In New York, it was a very high level of execution. There were four-star restaurants and we were charging $15 a cocktail, so it was a serious, high-stakes situation, and in Portland it’s more laid back, but that’s not to say that the quality is any lower; it’s just that it’s a little bit more relaxed. That’s less so now that Portland has become aware of where it sits in the national and global food and beverage scene. I think Portland has tightened the screws a little bit, but I have to say here they do a good job of creating a culture and the bartenders really kind of band together. That does happen in New York, but because there are so many of them it’s hard to organize and that sort of thing. For example, here in Portland I was at a bar the other night and 100 percent of the cocktail sales goes to a fund that helps pay for bartenders who have been injured, and it compensates them for the tips that they’d lose. Walking into a bar and having that around is pretty exciting. The other thing in Portland is that the average guest is really educated, and not just picky, but knows a lot, and they will sit at the bar and order a Vieux Carre [a short, slow sipper that begins with equal parts of rye whiskey, Cognac, and sweet vermouth originating in New Orleans], but in New York that may not happen because you get so many tourists and people from different walks of life. In Portland, it’s like a hobby here, where instead of going to the movies you have dinner at Pigeon and have a cocktail at Teardrop. It was surprising coming from New York, where you could serve someone a Tom Collins and they would be really excited and surprised because it was served in a beautiful glass and was really balanced, but in Portland people make a Tom Collins for themselves at home.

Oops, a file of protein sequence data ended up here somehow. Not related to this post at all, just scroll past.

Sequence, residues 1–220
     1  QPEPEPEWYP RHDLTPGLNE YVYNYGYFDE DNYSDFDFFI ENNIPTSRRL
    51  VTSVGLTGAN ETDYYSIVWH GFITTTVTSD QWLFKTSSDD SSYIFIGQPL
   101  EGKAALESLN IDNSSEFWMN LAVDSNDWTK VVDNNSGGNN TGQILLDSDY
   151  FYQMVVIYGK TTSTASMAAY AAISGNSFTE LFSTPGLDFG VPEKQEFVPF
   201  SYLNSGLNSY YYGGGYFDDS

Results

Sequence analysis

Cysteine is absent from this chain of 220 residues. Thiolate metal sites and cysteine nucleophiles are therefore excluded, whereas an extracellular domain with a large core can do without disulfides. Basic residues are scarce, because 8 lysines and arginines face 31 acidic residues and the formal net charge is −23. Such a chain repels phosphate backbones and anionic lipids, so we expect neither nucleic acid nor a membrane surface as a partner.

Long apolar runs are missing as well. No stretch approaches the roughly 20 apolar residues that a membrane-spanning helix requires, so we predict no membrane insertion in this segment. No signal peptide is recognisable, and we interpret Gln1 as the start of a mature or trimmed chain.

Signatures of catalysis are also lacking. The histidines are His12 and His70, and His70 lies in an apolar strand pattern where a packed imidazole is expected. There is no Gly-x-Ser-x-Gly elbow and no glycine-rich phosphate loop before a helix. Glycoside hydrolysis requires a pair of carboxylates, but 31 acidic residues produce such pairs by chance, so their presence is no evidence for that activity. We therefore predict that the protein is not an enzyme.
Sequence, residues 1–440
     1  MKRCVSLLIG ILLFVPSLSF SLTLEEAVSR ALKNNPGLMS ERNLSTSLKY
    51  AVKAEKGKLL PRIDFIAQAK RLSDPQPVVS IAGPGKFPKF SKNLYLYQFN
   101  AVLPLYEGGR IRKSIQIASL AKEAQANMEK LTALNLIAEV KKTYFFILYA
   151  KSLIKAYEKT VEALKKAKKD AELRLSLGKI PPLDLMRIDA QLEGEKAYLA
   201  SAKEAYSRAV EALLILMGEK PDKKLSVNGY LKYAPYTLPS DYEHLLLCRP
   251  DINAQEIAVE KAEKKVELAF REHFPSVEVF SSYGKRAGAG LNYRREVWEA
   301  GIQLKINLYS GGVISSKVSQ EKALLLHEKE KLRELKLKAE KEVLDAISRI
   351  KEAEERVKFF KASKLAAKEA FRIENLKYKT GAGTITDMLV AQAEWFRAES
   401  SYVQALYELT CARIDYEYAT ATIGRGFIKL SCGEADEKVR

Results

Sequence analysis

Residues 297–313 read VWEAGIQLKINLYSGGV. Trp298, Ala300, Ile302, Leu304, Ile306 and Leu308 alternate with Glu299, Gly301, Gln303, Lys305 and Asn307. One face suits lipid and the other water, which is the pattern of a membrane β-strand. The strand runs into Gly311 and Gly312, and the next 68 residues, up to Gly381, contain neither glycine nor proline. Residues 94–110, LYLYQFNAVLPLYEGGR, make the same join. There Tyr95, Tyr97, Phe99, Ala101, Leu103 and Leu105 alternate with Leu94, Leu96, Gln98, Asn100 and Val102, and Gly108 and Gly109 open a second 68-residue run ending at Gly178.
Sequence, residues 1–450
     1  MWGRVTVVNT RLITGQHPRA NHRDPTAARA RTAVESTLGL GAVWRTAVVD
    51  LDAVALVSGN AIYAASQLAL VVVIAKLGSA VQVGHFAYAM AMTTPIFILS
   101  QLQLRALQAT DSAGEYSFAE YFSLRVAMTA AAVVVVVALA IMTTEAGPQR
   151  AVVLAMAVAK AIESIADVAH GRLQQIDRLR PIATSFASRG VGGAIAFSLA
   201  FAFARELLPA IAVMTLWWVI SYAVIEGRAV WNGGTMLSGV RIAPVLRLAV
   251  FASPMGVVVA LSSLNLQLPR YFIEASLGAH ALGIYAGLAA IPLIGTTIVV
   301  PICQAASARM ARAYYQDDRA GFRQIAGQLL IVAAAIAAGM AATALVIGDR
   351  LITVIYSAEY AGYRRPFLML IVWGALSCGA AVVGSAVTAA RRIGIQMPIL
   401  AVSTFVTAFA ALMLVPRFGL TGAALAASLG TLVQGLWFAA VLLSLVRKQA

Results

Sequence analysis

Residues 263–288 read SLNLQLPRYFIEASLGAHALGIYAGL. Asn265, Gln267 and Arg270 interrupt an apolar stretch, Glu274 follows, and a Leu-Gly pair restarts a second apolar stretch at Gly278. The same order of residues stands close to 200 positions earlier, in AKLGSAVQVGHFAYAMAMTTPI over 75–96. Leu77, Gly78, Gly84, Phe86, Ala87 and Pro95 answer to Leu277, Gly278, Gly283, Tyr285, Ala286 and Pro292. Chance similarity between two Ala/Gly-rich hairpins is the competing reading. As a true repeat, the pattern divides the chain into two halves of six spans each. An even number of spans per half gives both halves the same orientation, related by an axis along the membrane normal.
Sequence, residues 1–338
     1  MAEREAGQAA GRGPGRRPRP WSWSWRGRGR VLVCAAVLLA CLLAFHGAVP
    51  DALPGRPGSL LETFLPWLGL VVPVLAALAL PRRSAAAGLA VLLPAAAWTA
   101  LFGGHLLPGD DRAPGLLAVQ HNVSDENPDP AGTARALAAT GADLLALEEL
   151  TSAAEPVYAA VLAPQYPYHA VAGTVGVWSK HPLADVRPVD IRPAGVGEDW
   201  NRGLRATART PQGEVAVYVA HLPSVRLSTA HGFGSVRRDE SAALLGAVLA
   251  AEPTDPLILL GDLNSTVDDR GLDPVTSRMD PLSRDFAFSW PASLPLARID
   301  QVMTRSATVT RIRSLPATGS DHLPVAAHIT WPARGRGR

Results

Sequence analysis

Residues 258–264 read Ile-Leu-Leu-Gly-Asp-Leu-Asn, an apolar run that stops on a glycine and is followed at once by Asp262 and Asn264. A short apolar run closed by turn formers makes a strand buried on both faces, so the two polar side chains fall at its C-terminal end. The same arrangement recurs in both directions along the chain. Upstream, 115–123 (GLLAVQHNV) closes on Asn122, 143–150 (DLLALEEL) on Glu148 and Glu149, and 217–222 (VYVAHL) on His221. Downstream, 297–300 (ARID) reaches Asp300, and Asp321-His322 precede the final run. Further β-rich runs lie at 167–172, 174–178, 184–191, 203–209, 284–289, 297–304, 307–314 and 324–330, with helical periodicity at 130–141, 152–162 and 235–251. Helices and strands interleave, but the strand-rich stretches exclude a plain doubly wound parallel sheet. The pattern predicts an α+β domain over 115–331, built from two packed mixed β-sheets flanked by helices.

In Portland, it seems like the food and drink culture is so ingrained, in not only how people go out, but also how they entertain at home, too.